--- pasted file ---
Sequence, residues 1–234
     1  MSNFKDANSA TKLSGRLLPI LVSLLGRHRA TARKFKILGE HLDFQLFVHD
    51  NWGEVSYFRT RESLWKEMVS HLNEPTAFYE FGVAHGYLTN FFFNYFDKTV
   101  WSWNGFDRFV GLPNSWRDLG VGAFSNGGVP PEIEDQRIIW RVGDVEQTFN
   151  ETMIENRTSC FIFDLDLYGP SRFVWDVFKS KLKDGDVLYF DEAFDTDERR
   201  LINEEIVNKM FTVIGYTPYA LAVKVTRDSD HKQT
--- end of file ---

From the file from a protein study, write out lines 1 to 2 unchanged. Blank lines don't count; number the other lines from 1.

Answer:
Sequence, residues 1–234
     1  MSNFKDANSA TKLSGRLLPI LVSLLGRHRA TARKFKILGE HLDFQLFVHD